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Monday, July 20, 2015

Meet the Author: Cathy Messecar

"Cathy Messecar speaks for local and national women’s retreats, social clubs, and writing guilds. She has written over 600 columns for magazines and newspapers, and her books are available at Amazon and other booksellers.

Cathy and her husband live in Montgomery, Texas on a farm, Leaning Tree Acres. A wife, mother, and grandmother, she’s passionate about sharing how Jesus life-supports women each day. Contact her at “Threads of Peace from a Farm Scribe”" (Amazon)


Her books:

Her new book, Winning Every Women's War: Overcoming Temptations, debuts January 2016


When did you first realize you wanted to be a writer? 

When my English teacher in high school complimented a piece I’d written and read it to the class. It wasn’t the recognition as much as the knowledge that I could write words and others would find them revealing.

How long does it take you to write a book? 

The length of time depends upon the content. I try to research and verify facts, and study any scriptures to make sure I understand them as fully as possible in this stage of my spiritual growth. My last manuscript (at the publisher’s now), I co-authored. We wrote for about six months, but we had already taught the material in a women’s class at our home congregation, so we knew the basic content of chapters. Of course, teaching and writing are two entirely different animals. We often speak in passive language, and a book written entirely in passive language bores a reader.    

What is your work schedule like when you're writing? 

Interrupted! I write in bits and pieces. If I’m on “finish line” (preferred instead of deadline, I arise early before the sun comes up and the phone starts ringing. I’m not sure why my adult children think I want to hear from them at 6:30 in the morning J. My husband and I are at retirement age, but we still operate our business from home, where I write. Our area north of Houston is booming with construction, a real blessing to many and us. We also have five grandchildren who live nearby, and we help with my husband’s 94 year old mother and my 87- year-old Dad and his wife. We worship with a large congregation, and I help with women’s classes there and speak at events. But my life is no busier than others. We are indeed blessed to have good health and stamina.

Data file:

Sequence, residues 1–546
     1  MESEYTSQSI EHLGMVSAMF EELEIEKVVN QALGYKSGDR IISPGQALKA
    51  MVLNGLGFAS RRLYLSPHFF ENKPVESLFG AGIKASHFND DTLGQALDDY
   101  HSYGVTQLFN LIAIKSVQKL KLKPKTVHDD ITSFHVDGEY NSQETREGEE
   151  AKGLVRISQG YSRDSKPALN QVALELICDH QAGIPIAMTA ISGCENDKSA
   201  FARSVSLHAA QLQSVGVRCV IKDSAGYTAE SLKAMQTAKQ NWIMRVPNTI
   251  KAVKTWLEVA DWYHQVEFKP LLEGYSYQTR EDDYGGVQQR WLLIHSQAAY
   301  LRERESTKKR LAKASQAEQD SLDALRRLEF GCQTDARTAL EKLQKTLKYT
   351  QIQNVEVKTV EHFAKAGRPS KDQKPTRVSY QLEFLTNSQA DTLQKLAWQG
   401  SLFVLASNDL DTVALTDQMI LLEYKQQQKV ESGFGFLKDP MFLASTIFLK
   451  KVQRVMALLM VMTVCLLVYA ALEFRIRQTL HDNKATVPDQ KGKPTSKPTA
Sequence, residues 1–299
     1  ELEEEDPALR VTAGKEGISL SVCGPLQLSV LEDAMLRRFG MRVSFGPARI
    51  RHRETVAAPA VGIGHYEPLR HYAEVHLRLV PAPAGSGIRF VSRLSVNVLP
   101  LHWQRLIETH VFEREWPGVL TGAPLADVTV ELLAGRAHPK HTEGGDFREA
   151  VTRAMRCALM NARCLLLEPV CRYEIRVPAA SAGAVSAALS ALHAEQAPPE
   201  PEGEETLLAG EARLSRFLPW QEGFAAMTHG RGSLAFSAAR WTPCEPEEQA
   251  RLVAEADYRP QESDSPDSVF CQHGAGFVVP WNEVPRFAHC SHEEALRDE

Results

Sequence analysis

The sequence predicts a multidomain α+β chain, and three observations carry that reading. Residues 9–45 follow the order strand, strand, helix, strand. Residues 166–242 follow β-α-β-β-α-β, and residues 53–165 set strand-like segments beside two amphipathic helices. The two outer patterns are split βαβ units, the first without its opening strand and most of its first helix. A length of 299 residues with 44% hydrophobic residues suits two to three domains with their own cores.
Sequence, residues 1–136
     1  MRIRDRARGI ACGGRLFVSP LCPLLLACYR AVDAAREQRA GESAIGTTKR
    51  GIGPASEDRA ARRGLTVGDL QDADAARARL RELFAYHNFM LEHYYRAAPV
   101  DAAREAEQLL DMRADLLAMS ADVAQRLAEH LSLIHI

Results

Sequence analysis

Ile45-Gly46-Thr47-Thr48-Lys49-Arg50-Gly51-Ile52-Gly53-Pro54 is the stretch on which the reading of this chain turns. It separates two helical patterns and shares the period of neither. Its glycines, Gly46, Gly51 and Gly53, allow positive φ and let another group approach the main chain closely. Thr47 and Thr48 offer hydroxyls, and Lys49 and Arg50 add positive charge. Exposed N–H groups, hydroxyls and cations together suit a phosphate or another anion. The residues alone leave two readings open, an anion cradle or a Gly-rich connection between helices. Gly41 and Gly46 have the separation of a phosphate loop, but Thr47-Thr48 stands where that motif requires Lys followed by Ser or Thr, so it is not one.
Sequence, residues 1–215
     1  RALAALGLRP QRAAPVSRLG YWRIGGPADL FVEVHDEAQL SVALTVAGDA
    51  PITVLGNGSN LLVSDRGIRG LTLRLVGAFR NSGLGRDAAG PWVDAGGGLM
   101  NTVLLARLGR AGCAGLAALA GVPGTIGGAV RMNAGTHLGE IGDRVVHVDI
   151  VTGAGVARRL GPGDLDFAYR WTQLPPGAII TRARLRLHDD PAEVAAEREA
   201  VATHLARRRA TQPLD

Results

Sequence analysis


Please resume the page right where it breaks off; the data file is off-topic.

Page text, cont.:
Do you have an interesting writing quirk? 

I really love to nail the right simile or metaphor.  

Where do you get your information or ideas for your books?

Ideas are prompted through my senses of vision, hearing, taste, touch, and smell. The sight of a mud dauber led me to explore their habits and I found that the mother lays her eggs on live, paralyzed spiders. I heard a mocking bird trill my phone ringtone. I tasted lavender cookies for the first time. I touched an electric fence. I smelled wassail, and all those heightened experiences led to writing. And usually to a spiritual connection.

What do you like to do when you're not writing? 

I love to read….and there’s always housecleaning.

What would you tell other Christian women who want to write

Ask God to guide you if it’s truly your calling. It may not be for pay but for your family, church, women, or introspection. Look for a local writer’s group and join. That’s how I first started. They were so kind and attentive. The Amy Foundation has great resources for the beginning writer, and they are free. They give away thousands in prize money each year to deserving writers who manage to include a scripture and reference in writings for the general public. Find a writer who will mentor them.  

How many books have you written? Which is your favorite?